La. daily remains advocate of free press


Ralph Bender describes Louisiana as a highly political state - one where the tongue-in-cheek motto is "Vote early, vote often" and where the dead still have voting rights.

Thus, coverage of state politics has become both the franchise and mission of The Advocate, longtime daily newspaper of the state capital Baton Rouge.

"When it comes to freedom of information, we lead the charge in this state," said Bender, CFO of the 100,000-circulation daily. "We are the watchdog."

The Advocate is a veteran of freedom of information battles, tracing its roots back to 1909 when Charles Manship Sr. founded a newspaper promising to "dare to tell the truth of any man living." Manship fought for the independence of the Advocate in the 1920s and 1930s during the turbulent leadership era of Huey Long, a Louisiana governor and U.S. senator known for his near-total control of Louisiana politics.

Known as "The Kingfish," Long founded his own state newspaper to promote his agenda, taxed advertising revenues, and withheld "official printer" status to try and subdue his newspaper critics.

The Advocate and its newspaper ancestors have served Louisiana's capital city for 160 years. The paper is in its third generation of family ownership. David Manship, grandson of Charles Manship Sr., is the current publisher.

Today's Advocate traces its publishing history back to The Democratic Advocate, founded in 1842. The paper underwent numerous ownership transitions before being purchased by Charles Manship Sr. as The State-Times in 1909.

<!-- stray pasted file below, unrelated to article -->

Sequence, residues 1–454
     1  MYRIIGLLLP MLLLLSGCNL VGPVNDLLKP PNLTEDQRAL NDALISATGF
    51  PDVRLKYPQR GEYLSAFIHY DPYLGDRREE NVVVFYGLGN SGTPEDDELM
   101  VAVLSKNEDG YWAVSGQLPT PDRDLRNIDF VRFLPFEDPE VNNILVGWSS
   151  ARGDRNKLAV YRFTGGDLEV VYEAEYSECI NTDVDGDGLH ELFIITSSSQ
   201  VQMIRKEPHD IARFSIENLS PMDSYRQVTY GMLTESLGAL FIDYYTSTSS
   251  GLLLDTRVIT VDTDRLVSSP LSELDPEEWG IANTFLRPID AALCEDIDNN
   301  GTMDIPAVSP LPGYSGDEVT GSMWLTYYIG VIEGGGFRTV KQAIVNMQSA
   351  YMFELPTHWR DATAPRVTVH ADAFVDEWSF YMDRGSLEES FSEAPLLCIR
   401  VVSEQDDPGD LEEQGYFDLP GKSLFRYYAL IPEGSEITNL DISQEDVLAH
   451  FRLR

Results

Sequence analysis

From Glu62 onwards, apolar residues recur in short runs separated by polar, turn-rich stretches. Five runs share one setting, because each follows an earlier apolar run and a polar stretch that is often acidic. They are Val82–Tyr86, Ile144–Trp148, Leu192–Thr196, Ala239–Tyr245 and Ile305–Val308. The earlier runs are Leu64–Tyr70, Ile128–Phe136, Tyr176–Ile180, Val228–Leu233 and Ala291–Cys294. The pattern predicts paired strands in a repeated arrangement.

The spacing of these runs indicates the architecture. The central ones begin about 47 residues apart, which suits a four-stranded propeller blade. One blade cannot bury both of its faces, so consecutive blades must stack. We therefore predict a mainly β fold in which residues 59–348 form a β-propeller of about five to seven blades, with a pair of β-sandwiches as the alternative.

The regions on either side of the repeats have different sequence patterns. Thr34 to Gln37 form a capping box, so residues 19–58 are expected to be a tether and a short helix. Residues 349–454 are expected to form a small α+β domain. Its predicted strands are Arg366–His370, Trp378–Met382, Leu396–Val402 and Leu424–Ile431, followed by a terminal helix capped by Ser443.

The State-Times was an afternoon paper until 1991 when television news and changing reader habits forced its closure. Manship had created the Morning Advocate back in 1925 to provide an early edition of the news.

The Advocate serves the parishes around Baton Rouge. The state capital is the heart of Louisiana's petrochemical industry and a significant university town, home to Louisiana State University and Southern University, the largest historically black university.

The Advocate has a staff of 570 full and part-time employees. It prides itself on local news, sports and food coverage - but political news is its franchise. "We are the source of political information in this state," said Bender. "Nobody covers politics like we do."

The family-owned daily maintains a 55:45 ratio of editorial to advertising. "Being a local paper we probably have a bigger news hole than some of the chains," said Bender. "It doesn't make us more money, but it makes a product more people want to read."

The Advocate produces numerous special sections each year, including a 128-page football tab that covers all college, high school and pro football in the state. Another special section supports a "Life After 50" expo hosted by the Advocate along with Manship family-owned TV station WBRZ 2.

The Advocate continues to improve its print and online products. It opened a new production facility in November 2006 that switched the paper to offset press and reduced the Web width to 48 inches. And like many newspapers, the Advocate is working to improve its Web site,, in order to better cover news and entertainment, appeal more to younger readers, and monetize the content.

"Our goal is very simple: excellence," said Bender. "We do it through good management." The Advocate participates in most newspaper associations, and regularly offers training for all its departments.

"We spend an inordinate amount of money on training in an era where this is not a popular thing to do in the newspaper business," said Bender. "If we want to continue to improve, we have to continue to educate and train."

Contact: Ralph Bender,

New member profile: The Advocate

Circulation: 100,000

  Address: 7290 Bluebonnet Blvd., Baton Rouge, LA 70810

  Phone: (225) 383-1111


  Days Published: Sunday - Saturday

  Key People: David Manship, publisher; Ralph Bender, chief financial officer; Carl Redman, executive editor; Larry Ruth, advertising director; Dean Blanchard, circulation director; Linda Wunstel, marketing director; Bubba Nola, production director; Candace Quave, HR director; Freda Dunne, new media director.